Physicists get to the bottom of volcano hotspots
Feb 5, 2008
One of the mysteries of geophysics is how heat is transported from the Earth’s core, through the mantle and into the crust. A controversial aspect of this process is the idea that massive plumes of hot material from deep in the mantle well up towards the surface, causing volcano hotspots such as Iceland and Hawaii. Now, two physicists in the US have shown that — at least in theory — such mantle plumes could exist for long enough to cause hotspots.
The mantle is a region of dense rock that extends 50–3000 km below the surface of the Earth. Although the mantle is solid, geophysicists believe that it can also flow in response to the extreme temperatures and pressures generated by the Earth’s core. As a result, convective processes — such as mantle plumes — are likely to play an important role in how heat is transported through the mantle.
The theory of mantle plumes got a boost in 1999 when Anne Davaille at the University of Paris 7 simulated them in a small tank containing two unmixed liquids of slightly different densities. Two liquids were used to mimic one of the many boundaries between rock layers that are believed to exist in the mantle.
When the denser liquid at the bottom of the tank was heated, Davaille observed several different types of behaviour ranging from violent mixing to the emergence of thin tendrils of denser liquid that extended up into the less dense fluid.
The tendrils formed on the boundary between the two fluids where the lower fluid pushed into the upper fluid to create a cone-shaped intrusion with a wide base and narrow top from which the tendril emerged. While the tendrils persisted for long periods of time, it wasn’t clear from the experiment whether the tendrils would occur on the density, time and length scales relevant to the Earth’s mantle.
Now, Laura Schmidt and Wendy Zhang at the University of Chicago have come up with a new mathematical model of how tendrils form in Davaille’s experiments (Phys Rev Lett 100 044502). The researchers believe that their model can be scaled up to explain how mantle plumes many kilometres across could arise.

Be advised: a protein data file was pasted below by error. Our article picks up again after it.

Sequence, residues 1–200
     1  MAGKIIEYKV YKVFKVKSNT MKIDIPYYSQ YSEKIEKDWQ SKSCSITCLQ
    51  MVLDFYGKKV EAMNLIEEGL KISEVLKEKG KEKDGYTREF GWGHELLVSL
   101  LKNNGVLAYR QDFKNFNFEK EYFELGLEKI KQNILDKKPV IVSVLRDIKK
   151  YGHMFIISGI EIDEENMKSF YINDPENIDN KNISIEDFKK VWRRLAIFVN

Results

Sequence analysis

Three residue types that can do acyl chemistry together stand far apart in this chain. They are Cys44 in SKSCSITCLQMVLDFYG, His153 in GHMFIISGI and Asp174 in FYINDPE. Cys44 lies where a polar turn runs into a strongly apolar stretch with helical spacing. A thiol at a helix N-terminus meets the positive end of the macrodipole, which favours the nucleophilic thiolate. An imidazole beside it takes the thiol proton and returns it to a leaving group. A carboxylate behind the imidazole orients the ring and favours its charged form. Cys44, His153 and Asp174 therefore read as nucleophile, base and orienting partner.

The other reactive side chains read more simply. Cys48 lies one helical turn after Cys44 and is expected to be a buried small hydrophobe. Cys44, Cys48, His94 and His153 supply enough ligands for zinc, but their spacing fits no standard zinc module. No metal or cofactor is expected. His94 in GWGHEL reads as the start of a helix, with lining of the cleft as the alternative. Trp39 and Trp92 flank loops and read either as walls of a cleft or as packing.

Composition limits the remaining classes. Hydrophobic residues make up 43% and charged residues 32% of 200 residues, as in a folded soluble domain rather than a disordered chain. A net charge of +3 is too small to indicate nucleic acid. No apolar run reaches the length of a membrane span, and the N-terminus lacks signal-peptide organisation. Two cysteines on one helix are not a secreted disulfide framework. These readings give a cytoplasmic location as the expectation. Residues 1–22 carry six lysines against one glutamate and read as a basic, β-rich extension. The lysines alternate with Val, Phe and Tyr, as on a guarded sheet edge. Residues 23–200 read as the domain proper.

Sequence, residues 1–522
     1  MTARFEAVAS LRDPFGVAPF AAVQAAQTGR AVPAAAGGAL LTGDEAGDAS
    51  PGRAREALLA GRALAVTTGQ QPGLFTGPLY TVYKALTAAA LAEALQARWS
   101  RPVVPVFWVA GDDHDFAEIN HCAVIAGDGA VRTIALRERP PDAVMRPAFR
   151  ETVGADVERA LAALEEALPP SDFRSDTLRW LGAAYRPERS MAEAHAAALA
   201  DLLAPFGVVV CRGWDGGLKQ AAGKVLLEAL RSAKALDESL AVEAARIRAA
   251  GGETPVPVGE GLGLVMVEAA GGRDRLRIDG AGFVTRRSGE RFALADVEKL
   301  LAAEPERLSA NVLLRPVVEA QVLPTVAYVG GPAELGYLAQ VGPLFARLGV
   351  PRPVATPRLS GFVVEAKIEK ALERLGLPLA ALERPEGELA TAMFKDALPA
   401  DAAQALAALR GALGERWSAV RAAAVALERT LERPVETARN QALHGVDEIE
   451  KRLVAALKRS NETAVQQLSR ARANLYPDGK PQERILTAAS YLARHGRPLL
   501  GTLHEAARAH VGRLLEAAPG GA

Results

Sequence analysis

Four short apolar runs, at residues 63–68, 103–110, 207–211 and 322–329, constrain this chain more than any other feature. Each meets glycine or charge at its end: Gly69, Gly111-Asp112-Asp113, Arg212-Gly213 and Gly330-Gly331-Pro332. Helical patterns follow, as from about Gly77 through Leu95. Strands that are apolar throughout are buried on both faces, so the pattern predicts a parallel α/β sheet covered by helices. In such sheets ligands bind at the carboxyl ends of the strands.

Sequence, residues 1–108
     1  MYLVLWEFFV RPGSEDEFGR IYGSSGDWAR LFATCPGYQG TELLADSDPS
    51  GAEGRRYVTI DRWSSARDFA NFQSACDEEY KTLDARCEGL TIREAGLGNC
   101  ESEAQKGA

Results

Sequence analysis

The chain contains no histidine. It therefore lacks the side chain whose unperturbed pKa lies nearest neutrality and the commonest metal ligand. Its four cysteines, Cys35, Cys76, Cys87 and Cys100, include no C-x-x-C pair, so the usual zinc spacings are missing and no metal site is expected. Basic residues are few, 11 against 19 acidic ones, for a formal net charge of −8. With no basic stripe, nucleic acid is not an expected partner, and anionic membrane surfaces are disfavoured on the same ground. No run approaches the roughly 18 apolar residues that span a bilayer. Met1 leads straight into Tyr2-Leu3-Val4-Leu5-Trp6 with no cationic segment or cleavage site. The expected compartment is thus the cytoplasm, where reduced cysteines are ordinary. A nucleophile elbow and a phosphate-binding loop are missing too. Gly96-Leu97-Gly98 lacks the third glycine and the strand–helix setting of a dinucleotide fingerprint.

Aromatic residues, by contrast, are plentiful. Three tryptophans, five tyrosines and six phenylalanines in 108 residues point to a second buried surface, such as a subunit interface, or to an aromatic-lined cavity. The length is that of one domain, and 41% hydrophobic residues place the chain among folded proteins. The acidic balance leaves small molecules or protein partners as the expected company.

Schmidt and Zhang began with equations that described the shape and flow of the tendrils, which they solved using a combination of analytical and numerical techniques. Their calculations suggest that the cones occur at “stagnation points” which endure for long periods of time and anchor the tendrils. Such stagnation points have also been observed in a similar experiment done by Schmidt at the University of Chicago.
Schmidt told physicsworld.com that the tendrils remain stable for long periods of time because they remain isolated from larger-scale convective flow in the tank. This enduring quality of the tendrils is important, because mantle plumes responsible for hotspots would have to endure for more that 100 million years.
According to Schmidt, the calculations suggest that the tendrils “are a generic feature of convecting multi-layer liquids, and would be present in a layered mantle”. She describes the tendrils as “a possible mechanism behind hotspot persistence”.
Schmidt and Zhang now plan to do a more rigorous check of their theory against experiment by seeing if their model can predict the rate of flow through tendrils of different sizes. They are also doing a more detailed study of what factors affect the stability of the tendrils.
About the author
Hamish Johnston is editor of physicsworld.com